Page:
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Hoffmann, R. A wiki for the life sciences where authorship matters. Nature Genetics (2008)

Neuronal cell lines expressing PC5, but not PC1 or PC2, process Pro-CCK into glycine-extended CCK 12 and 22.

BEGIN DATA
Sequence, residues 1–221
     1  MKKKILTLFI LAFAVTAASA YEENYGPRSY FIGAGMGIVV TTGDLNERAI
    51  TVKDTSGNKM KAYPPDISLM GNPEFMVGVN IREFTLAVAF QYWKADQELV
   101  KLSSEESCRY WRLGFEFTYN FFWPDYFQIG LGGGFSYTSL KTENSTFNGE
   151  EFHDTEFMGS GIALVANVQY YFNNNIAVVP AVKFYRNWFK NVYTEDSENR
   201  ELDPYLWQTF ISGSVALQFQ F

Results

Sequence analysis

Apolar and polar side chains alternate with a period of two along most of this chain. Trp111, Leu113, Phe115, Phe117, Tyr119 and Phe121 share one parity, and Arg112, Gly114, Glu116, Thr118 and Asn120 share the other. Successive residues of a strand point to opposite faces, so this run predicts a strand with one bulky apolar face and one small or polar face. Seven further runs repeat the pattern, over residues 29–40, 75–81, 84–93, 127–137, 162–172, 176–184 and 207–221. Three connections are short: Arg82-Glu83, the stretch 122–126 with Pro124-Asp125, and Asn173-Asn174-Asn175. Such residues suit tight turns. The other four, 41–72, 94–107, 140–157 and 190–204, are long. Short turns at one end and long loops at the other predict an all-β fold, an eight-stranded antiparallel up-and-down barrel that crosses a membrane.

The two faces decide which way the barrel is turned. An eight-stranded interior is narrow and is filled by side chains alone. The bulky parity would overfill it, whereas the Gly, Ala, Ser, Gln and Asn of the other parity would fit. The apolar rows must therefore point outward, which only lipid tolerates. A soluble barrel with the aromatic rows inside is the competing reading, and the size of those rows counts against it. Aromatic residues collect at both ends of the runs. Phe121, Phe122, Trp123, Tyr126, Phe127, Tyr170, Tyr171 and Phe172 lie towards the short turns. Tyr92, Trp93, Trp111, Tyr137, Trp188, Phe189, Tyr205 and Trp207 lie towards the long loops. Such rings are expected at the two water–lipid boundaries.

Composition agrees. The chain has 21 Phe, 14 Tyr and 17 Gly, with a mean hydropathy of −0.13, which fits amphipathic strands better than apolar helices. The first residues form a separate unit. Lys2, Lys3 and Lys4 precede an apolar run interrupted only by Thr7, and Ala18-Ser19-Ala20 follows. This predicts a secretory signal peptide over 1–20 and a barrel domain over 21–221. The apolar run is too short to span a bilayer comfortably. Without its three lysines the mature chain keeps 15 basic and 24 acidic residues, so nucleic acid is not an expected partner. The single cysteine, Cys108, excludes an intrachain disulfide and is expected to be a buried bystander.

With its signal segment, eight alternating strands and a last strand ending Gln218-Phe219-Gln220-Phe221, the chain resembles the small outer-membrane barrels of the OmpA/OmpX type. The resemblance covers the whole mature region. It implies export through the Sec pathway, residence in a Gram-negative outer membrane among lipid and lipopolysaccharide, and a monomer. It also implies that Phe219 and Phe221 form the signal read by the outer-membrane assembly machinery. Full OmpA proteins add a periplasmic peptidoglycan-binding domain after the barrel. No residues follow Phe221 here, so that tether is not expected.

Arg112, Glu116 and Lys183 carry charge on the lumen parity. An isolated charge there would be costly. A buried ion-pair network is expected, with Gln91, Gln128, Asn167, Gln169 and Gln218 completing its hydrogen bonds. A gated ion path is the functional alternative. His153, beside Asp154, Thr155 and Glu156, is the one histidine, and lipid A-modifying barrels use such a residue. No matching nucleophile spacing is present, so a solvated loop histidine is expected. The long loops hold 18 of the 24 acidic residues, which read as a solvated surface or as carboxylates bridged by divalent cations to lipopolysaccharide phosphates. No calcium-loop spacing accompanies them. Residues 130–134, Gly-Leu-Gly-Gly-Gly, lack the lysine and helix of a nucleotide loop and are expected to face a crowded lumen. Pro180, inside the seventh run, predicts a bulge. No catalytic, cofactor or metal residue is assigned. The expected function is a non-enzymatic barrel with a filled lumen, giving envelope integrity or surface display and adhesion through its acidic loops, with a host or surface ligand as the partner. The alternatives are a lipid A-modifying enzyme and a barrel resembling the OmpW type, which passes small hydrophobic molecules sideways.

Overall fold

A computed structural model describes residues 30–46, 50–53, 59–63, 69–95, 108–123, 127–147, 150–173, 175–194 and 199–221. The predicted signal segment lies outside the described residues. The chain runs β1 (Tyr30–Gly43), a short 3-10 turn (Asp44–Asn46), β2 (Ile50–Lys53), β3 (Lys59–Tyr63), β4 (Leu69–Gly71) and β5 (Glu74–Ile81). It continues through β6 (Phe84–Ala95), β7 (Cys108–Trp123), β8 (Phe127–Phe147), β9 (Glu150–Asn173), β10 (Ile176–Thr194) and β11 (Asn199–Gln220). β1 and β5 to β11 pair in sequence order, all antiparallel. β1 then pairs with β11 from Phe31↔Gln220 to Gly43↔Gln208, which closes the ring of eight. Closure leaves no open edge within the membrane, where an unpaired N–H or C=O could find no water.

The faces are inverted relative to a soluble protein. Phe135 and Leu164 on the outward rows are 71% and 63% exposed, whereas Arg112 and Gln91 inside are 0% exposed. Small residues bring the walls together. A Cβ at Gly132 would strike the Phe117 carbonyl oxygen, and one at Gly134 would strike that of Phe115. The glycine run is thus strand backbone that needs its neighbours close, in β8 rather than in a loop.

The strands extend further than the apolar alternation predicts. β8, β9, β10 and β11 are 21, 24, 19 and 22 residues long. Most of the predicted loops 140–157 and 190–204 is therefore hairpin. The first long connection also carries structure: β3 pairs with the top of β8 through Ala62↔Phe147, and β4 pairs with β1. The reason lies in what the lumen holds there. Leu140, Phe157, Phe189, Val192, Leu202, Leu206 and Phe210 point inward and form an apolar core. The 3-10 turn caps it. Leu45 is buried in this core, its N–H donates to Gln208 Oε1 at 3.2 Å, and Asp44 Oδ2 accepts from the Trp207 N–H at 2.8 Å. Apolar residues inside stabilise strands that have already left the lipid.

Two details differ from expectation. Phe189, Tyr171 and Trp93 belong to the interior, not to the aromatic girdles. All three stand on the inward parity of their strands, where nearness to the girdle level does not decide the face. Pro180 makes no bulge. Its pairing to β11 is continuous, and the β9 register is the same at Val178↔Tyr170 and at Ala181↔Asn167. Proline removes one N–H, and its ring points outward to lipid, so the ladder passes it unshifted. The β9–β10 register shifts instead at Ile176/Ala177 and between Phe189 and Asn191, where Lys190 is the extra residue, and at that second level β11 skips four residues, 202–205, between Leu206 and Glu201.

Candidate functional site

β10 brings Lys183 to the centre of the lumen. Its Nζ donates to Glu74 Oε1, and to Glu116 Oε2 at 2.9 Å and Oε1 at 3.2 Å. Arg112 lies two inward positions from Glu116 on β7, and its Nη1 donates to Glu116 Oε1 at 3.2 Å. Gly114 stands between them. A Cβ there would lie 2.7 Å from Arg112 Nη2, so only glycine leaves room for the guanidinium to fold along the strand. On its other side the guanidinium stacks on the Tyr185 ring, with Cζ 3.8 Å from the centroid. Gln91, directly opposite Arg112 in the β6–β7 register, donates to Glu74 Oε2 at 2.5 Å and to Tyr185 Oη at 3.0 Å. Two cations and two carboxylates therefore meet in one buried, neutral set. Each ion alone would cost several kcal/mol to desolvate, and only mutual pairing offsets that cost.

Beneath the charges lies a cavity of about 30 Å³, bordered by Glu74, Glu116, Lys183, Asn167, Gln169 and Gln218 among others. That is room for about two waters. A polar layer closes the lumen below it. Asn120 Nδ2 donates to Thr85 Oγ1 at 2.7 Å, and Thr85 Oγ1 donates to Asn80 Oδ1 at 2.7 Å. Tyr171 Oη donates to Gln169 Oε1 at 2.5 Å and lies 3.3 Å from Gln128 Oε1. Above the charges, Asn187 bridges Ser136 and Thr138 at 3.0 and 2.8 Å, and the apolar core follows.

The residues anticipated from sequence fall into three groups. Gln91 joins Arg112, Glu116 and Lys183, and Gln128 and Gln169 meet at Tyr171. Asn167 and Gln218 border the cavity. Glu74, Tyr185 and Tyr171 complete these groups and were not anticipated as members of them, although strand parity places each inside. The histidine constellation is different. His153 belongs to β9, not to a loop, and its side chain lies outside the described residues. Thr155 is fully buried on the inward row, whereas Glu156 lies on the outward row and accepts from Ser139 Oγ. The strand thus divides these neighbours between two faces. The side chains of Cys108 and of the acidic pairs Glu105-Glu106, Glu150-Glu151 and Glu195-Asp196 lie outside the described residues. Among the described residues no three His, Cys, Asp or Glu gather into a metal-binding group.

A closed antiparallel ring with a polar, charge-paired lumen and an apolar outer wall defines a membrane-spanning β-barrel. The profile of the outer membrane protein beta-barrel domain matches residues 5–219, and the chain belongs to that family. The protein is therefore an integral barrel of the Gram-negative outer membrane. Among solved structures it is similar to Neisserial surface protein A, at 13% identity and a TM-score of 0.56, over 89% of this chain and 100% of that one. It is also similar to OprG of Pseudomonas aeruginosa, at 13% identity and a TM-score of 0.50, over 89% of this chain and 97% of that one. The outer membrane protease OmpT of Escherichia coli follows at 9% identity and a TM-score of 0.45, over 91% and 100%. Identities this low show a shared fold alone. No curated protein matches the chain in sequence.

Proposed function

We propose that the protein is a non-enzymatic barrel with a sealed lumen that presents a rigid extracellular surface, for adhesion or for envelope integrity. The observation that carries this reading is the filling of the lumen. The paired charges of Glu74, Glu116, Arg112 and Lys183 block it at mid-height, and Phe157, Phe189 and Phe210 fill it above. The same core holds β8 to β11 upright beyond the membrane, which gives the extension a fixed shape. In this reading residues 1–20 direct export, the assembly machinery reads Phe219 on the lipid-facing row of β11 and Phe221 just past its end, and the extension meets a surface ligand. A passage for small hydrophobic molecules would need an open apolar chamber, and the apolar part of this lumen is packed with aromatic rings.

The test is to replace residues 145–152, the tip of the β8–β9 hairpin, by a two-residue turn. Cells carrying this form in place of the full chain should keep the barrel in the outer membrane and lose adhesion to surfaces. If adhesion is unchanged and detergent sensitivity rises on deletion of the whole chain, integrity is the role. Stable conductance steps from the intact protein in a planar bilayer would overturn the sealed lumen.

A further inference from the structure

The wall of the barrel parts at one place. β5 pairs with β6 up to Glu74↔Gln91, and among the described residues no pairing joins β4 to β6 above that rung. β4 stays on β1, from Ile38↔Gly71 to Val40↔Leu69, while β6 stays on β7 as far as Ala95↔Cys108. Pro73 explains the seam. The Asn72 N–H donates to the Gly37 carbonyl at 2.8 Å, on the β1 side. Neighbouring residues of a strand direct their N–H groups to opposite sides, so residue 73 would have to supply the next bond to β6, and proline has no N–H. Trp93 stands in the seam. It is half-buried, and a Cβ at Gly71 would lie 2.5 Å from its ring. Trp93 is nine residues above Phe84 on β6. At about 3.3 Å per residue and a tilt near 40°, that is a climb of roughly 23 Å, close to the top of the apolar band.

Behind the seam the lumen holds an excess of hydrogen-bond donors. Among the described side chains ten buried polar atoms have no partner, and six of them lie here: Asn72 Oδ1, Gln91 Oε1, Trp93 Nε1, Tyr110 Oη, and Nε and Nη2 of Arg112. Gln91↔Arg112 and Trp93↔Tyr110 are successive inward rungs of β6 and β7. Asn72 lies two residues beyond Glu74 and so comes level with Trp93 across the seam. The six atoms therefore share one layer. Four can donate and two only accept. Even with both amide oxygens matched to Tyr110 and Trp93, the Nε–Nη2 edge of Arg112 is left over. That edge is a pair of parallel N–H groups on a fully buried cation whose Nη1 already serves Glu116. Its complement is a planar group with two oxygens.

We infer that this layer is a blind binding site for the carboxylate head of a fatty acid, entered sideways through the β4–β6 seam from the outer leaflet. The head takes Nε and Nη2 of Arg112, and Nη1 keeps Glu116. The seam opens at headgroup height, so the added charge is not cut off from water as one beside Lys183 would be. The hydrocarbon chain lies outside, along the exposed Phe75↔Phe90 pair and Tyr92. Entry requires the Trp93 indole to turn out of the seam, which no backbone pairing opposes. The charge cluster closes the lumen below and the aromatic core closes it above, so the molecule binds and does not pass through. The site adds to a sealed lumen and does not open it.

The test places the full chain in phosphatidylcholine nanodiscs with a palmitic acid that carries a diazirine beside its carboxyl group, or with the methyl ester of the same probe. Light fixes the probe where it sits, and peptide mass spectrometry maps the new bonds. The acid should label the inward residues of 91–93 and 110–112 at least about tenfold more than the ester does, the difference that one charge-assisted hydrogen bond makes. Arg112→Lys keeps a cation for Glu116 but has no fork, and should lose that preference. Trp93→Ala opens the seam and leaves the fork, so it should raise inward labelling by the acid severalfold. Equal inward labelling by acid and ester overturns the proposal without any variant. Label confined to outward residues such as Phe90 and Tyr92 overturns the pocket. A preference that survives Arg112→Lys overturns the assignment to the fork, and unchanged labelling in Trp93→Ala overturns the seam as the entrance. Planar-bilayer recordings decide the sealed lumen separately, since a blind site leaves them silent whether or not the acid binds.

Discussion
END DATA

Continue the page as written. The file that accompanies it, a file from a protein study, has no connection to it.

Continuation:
Endocrine tumor cells in culture and in vitro cleavage assays have shown that PC1 and PC2 are capable of processing pro-CCK into smaller, intermediate and final, bioactive forms. Similar studies have shown that PC5 has the ability to process a number of propeptides. Here, we use GT1-7 (mouse hypothalamic) and SK-N-MC and SK-N-SH (human neuroblastoma) tumor cell lines to study the ability of PC5 to process pro-CCK. RT-PCR and Western blot analysis showed that the cells express PC5 mRNA and protein, but not PC1 or PC2. They were engineered to stably overexpress CCK and cell media was analyzed for pro-CCK expression and cleavage of the prohormone. Radioimmunoassays showed that pro-CCK was expressed, but no amidated CCK was detected. Lack of production of amidated CCK may be due to the lack of the appropriate carboxypeptidase and amidating enzymes. Production of glycine-extended CCK processing products was evaluated by treatment of media with carboxypeptidase B followed by analysis with a CCK Gly RIA. Glycine-extended forms of the peptide were found in the media. The predominant forms co-eluted with CCK 12 Gly and CCK 22 Gly on gel filtration chromatography. The results demonstrate that these cell lines which express PC5 and not PC1 or PC2 have the ability to process pro-CCK into intermediate, glycine-extended forms more closely resembling pro-CCK products in intestine than in brain.[1]


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